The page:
Anti aging guide

What sets and stop the biological clock?

 

 

What sets the biological clock?

It is well known to the life insurance industry that the genes exert a major influence on aging and longevity. He who would live to a ripe old age would do well to choose his parents wisely, and different animal species, as we shall see, age at vastly different rates. Down’s syndrome is a genetic disorder characterized by the presence of an extra chromosome number 21, and people with this condition show some signs of accelerated aging, including the deposition in the brain of amyloid composed of the same protein fragment as is found in the age-related dementia of Alzheimer’s disease. The gene encoding the amyloid protein is located on chromosome 21-in very close proximity to the gene which transmits the rare familial form of Alzheimer’s disease.

What stops the biological clock?

Each animal cell contains over 200 million protein molecules, each of which has been assembled from amino acids according to a precise pattern specified by DNA (deoxyribonucleic acid), the material which stores genetic information, and acts as a programme or blueprint. The template for protein synthesis is transmitted from the DNA in the nucleus to the cytoplasm in the form of smaller, readily transported messenger molecules called RNA (ribonucleic acid) which link with protein to form complexes called ribosomes where the protein molecules are assembled. The DNA and the ribosomes have to be intact in order that protein synthesis can proceed and the cell continue to undergo division.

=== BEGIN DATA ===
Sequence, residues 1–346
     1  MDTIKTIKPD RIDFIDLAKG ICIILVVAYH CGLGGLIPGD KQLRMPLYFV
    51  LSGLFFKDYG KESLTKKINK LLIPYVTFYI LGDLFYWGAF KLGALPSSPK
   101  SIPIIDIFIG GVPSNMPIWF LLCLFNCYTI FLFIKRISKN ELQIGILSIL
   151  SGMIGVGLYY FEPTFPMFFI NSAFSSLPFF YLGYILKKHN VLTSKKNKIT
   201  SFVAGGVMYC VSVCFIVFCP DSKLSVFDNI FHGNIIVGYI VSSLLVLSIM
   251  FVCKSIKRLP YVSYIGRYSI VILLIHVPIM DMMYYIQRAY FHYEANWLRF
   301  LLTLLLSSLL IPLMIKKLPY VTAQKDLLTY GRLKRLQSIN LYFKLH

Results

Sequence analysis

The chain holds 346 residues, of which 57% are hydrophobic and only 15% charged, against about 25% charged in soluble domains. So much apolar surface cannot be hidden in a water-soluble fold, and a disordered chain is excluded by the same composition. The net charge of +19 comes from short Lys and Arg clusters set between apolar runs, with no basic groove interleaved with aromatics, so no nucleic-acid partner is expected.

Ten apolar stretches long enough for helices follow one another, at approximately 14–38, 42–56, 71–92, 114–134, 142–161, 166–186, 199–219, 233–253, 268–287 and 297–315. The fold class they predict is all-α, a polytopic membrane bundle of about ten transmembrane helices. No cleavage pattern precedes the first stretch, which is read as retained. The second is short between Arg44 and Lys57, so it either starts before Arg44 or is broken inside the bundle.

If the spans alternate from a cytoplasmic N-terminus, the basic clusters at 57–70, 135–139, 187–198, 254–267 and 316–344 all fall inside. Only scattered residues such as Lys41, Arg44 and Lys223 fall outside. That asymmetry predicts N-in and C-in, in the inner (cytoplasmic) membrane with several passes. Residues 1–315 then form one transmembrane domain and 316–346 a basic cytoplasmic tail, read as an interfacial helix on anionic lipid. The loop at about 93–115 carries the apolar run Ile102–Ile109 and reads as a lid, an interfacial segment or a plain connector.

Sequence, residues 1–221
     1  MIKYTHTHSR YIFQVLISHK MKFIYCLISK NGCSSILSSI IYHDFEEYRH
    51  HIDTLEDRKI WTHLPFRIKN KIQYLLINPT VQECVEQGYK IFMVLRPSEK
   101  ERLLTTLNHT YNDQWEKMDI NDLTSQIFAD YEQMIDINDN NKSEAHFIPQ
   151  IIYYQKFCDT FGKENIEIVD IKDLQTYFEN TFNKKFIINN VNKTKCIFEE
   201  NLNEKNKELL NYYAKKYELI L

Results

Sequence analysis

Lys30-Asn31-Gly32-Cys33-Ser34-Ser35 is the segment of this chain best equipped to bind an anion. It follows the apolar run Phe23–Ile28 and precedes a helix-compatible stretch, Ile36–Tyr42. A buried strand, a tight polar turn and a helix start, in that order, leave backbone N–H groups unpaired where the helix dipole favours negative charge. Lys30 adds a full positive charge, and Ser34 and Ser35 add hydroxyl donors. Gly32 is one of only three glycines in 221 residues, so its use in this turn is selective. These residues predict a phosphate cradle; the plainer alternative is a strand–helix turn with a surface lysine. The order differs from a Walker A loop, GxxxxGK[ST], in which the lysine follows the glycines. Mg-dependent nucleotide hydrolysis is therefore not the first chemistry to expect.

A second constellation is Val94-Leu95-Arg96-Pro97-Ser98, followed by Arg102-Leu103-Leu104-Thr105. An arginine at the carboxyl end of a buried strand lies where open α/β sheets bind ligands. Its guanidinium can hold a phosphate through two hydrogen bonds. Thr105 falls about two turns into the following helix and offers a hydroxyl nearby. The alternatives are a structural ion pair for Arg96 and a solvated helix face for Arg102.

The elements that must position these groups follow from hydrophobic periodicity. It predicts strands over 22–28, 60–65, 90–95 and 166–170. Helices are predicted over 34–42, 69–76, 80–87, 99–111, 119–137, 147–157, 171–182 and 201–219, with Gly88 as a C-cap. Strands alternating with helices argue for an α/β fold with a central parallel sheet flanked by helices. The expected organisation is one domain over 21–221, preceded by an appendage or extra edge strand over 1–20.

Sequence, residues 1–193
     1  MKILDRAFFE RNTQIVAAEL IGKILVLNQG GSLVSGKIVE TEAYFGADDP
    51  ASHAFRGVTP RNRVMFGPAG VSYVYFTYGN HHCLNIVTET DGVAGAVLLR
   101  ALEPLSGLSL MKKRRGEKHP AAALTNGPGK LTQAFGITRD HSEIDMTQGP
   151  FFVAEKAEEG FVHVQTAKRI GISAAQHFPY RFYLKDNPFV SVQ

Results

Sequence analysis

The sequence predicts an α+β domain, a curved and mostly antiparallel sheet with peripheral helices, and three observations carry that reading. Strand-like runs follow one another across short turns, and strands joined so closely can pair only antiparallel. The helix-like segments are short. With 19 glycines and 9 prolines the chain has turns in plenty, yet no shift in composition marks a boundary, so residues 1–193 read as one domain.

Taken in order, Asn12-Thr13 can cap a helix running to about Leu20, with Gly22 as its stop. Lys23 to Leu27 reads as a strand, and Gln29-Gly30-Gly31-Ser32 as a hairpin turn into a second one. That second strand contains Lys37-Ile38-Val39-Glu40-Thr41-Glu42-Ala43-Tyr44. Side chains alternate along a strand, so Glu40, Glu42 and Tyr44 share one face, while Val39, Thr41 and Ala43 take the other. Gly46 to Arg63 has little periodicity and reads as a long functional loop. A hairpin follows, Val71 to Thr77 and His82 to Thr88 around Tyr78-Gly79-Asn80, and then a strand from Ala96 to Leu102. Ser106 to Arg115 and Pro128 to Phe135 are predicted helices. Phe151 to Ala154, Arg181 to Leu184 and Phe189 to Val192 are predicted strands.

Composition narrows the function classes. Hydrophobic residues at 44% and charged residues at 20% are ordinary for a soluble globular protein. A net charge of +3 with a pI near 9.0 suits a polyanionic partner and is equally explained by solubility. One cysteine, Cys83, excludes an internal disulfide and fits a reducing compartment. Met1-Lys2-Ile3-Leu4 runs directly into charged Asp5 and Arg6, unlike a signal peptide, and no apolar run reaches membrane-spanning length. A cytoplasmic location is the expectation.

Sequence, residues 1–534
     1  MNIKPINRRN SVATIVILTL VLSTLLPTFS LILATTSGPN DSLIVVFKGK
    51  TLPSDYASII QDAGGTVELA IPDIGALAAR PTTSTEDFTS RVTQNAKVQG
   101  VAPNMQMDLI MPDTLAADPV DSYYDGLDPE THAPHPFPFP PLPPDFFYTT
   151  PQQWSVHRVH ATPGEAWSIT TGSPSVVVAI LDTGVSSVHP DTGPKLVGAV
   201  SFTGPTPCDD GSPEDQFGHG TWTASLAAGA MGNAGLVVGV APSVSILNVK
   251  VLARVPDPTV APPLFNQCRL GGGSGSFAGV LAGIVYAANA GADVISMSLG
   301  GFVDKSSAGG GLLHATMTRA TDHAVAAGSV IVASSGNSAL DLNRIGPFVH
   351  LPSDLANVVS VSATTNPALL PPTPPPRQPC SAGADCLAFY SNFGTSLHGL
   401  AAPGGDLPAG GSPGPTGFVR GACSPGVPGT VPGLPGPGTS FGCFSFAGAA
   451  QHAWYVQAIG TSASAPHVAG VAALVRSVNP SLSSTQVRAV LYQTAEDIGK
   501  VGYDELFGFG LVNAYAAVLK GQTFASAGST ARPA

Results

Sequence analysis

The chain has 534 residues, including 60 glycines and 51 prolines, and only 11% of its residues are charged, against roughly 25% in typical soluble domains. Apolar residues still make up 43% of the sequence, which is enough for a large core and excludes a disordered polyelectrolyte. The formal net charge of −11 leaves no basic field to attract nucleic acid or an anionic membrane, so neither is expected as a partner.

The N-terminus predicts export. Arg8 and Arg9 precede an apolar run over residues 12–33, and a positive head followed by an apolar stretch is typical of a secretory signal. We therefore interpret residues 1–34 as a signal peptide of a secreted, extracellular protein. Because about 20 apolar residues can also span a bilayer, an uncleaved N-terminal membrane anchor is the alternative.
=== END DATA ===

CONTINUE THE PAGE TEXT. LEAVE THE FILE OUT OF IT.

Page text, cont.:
Should any errors develop in the transcription of information from DNA to RNA or its onward relay to the protein molecule on the assembly line, a strain of abnormal and defective protein (whether structural or enzyme) would emerge. Such errors probably do not arise simply as a result of advancing age, but they can be caused by a number of environmental factors, including heat, cold, ultraviolet light, irradiation, free oxygen (`super oxide’) radicals, and even glucose. An accumulation of environmentally mediated errors over the years could result in the production of more and more lines of defective protein and malfunctioning or non-replicating cells. The mechanisms for detecting and repairing or eliminating these errors may become less efficient as the organism ages.

During cell division, alterations occasionally take place in the structure of a chromosome which may be fairly gross or may affect a single gene locus or a few neighboring gene loci. These alterations, called mutations, occur particularly as a result of irradiation and other harmful stimuli, but can also occur on a spontaneous basis. Mutations fundamentally affect the DNA and thus the encoded information, and this is one of the mechanisms whereby environmental factors influence the integrity of the cell, the tissue, and thus the organism.

Posted by Carol Hudgens - April 19, 2012 at 4:40 pm